Narrator: AJ Bohannon had every right to call the police after $2,000 worth of stuff was stolen from his car in Wichita, Kansas. The dash camera on his car showed a 12-year-old boy and his friend breaking into the car and running away with arms full of items. Instead of pressing charges, Bohannon tracked down the boy and forgave him. He begged him to turn his life around. Bohannon said “Every day I possess those items, the value diminishes. But every day he’s on this earth, his value increases, so that’s what I’m more worried about.”
But the relationship between the law, forgiveness, and justice is a complicated one. If police officers had caught the kids breaking into the car, this story might have ended very differently. And this is because — surprisingly — forgiveness doesn’t always have a place in the legal system.
We have a natural desire for justice, especially when we see evil acts committed without any retribution or when an offender is unapologetic.
So — what is the purpose of the legal system? Is it just to enforce punishments, or to encourage virtue, or to right the scales when an offense occurs?
David: Hi, my name is David Upham. I am an associate professor of politics at the University of Dallas.
When we talk about the criminal justice system, really one of the first things that’s owed to individuals is that the government or the community through its government owes the individual the protection of the law — and effective protection.
Narrator: There is a movement, called restorative justice, that aims to incorporate forgiveness and reconciliation in the legal system between offenders and victims. “Restorative justice” practices incorporate meetings between victims and offenders, acts of retribution, and often apologies.
Criminologist Howard Zehr, the “grandfather of restorative justice,” began his work in the 1970s for two main reasons. First, he believed the criminal justice system often responds to offenders in counterproductive ways. And secondly, he believed there was a growing anger that victims felt when they’re shut out of the criminal justice process.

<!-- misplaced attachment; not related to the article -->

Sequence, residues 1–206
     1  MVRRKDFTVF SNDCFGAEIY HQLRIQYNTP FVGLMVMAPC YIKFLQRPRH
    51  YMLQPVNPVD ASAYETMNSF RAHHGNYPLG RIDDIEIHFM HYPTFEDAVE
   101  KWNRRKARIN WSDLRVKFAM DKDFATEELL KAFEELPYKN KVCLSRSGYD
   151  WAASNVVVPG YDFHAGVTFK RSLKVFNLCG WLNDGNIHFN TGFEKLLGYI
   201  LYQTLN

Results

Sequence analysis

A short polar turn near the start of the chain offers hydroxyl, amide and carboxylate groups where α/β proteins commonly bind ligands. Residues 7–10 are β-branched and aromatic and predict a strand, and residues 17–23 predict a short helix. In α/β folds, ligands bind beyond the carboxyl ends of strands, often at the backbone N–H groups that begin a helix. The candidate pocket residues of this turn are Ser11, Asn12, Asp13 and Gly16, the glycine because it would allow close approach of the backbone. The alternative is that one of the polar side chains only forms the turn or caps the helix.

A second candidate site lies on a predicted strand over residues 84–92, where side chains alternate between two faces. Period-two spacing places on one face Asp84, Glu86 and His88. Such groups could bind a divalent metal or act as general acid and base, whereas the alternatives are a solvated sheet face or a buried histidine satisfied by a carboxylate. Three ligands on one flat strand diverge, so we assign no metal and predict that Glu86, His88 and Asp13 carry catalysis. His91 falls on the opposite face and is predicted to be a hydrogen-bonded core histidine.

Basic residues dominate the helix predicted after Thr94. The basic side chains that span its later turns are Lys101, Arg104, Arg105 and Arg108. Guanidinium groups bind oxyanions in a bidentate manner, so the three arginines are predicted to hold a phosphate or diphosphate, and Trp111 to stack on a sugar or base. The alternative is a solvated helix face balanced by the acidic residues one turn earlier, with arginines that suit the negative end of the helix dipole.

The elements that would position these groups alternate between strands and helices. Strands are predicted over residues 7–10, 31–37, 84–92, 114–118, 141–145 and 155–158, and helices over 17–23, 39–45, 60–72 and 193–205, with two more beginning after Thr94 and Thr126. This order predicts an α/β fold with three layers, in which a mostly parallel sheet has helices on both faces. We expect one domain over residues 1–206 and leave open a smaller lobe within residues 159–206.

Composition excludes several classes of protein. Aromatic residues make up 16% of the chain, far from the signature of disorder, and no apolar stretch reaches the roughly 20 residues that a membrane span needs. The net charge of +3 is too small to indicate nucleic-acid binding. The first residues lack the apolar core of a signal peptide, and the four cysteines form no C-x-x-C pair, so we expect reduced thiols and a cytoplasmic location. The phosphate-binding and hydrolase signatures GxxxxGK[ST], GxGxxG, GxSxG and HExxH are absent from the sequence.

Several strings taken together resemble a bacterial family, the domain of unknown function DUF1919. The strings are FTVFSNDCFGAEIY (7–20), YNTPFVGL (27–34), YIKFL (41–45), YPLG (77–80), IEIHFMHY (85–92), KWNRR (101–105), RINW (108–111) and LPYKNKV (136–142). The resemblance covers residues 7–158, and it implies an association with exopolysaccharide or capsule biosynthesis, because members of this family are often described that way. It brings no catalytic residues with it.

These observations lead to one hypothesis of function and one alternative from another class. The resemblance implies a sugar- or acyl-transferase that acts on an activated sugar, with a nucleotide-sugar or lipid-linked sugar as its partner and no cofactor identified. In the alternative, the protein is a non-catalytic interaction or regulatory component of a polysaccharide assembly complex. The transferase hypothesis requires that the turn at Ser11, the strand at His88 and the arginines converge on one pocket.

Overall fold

The Bible calls for periodic forgiveness of debts and freeing prisoners, and that practice continues today. During the 2000 Jubilee, Pope John Paul II called for a cancellation of the debt of developing countries. Over 60 nations joined in the effort and successfully canceled the debt of developing countries. This amounted to over 100 billion dollars of debt being canceled, resulting in a measurable reduction in poverty.
Pope Francis also announced a Year of Mercy from December 2015 to November 2016, which was observed by the Church as a period for remission of sins and universal pardon, which focused particularly on God’s forgiveness and mercy.
David: Forgiveness in its perfect sense is the complete remission of any guilt or punishment that is justly due to someone. Justice has a negative component and that is that wrongdoers are owed certain punishment or retribution. And forgiveness is the release of someone of that obligation, that burden.
Narrator: So, do we as a society believe enough in forgiveness that it should have more of a role in law and the courts? If so, who has the right to forgive in these situations? What if the victim refuses forgiveness, or if the offender never apologizes? Do we believe forgiveness has a valid place in a society that encourages virtue without encouraging offenses? At the heart of these questions we’re faced with our own decisions in our everyday lives.
Do we believe in forgiveness? When Jesus asks us to forgive, do we really believe we can forgive and be forgiven?